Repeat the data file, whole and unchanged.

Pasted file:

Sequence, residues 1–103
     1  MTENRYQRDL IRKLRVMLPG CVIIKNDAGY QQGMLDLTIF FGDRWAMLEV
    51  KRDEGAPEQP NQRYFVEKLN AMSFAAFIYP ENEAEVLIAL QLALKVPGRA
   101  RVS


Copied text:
Sequence, residues 1–103
     1  MTENRYQRDL IRKLRVMLPG CVIIKNDAGY QQGMLDLTIF FGDRWAMLEV
    51  KRDEGAPEQP NQRYFVEKLN AMSFAAFIYP ENEAEVLIAL QLALKVPGRA
   101  RVS